Fake it until you make it: week one of teaching ESL

English is a really hard language to teach.

But seriously though. The way we spell English words isn’t consistent. We stress parts of our words (and parts of our sentences) at random. The sounds of our letters change from word-to-word . Our grammar is complicated (and erratic). We love idioms and phrasal verbs. We even incorporate words from other languages into ours.

One version of the phonetic alphabet (a.k.a. my new bible)

After one week of training, I’ve learned that teaching English is tough and rewarding. My class of 18 other teacher trainees had a baptism through fire our first week by being thrown into real-life ESL classrooms on our second day into the course. We had a night to prepare a 20-minute lesson with some written suggestions from our instructors on how to go about it. I had to teach the future perfect and future continuous tense of English (uhh what?)

I’ve always found the phrase “fake it until you make it” to carry some truth. On my first day in front of the classroom, I felt like a fraud. I didn’t know what I was doing. I was younger than many of my students (they ranged from ages 16 to 65). And each student was at a slightly different level of English even though they all qualified for upper-intermediate.  And yet, my class didn’t crash and burn. In fact, it went really well (although I apparently spoke too quickly out of nervousness). I think it worked because I faked being a teacher. I pretended like I knew what I was doing and found that the class took it very seriously. And (hopefully) they walked away with a decent understanding of the verb tenses I was teaching.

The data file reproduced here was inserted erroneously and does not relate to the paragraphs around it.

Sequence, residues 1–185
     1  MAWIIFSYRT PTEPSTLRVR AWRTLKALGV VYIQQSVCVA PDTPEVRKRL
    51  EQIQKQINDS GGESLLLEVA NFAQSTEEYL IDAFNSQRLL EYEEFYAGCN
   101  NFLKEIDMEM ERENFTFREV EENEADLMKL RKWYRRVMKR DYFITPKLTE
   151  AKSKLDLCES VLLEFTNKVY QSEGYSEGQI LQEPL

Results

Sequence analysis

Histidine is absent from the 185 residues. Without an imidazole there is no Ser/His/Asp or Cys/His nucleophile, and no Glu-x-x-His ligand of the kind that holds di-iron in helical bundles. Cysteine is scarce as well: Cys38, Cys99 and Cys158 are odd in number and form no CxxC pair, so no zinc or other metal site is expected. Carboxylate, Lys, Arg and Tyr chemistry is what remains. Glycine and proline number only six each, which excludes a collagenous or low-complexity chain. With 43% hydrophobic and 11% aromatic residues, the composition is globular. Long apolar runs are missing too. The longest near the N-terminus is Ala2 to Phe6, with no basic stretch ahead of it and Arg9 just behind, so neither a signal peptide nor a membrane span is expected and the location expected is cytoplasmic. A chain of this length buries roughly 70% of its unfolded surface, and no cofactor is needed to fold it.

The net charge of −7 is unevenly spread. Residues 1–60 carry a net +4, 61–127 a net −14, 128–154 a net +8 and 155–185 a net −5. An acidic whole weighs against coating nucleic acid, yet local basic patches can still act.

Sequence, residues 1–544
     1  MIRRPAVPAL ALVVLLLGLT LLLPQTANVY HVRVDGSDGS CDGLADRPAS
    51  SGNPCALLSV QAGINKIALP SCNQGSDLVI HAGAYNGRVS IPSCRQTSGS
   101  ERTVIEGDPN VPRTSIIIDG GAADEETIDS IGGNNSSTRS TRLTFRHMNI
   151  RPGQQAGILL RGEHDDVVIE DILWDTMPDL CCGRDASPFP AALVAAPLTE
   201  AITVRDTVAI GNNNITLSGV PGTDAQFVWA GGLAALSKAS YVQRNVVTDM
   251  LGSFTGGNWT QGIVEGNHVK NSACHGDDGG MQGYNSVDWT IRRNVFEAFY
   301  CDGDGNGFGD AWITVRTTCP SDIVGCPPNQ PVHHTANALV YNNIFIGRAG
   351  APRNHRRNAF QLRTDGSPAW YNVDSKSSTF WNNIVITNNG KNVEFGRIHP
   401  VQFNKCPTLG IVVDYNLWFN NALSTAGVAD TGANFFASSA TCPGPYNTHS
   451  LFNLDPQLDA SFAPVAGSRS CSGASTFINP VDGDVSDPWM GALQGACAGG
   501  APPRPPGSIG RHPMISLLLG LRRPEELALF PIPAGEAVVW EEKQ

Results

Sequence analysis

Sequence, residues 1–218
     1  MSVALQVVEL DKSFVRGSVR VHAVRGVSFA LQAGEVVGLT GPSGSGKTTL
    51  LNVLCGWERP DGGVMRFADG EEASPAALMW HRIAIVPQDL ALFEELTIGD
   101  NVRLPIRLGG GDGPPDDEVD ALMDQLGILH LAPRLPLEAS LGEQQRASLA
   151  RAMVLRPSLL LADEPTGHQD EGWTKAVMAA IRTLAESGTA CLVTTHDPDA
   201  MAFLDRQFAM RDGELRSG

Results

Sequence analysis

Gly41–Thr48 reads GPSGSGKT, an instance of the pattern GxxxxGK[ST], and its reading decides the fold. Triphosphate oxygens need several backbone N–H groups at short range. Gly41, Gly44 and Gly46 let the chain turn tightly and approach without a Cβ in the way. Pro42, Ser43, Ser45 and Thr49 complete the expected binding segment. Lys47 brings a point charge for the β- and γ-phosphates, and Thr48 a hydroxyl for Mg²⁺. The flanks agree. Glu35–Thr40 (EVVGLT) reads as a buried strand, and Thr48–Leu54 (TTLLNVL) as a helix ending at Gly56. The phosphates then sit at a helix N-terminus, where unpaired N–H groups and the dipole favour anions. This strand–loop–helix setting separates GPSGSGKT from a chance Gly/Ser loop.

So now I’m three lessons in (I taught two other 40 minutes lessons this week) and I’m feeling confident that English teaching is definitely something I want to do for the next year or more. I’ve been so impressed and humbled by the work ethic of my students who have such a strong desire to learn English.  My students are from around the world (the Czech Republic, Italy, Spain, Germany, Taiwan, to name a few) and all seem dedicated to perfecting a language that’s going to improve their lives in some way, rather it be in employment, education, or standard of living.

Manfred, a student from Germany, asked to take a picture with me after class

Now I don’t want to sound like I’ve walked into a classroom and changed any lives. This isn’t Freedom Writers and I’m not Hilary Swank. Nor is this Dead Poets Society where I’m inspiring students to stand on desks and profess “Carpe Diem”. But I’m having fun and I’m discovering that teaching might be a path for me.

Nine-tenths of education is encouragement.” -Anatole France

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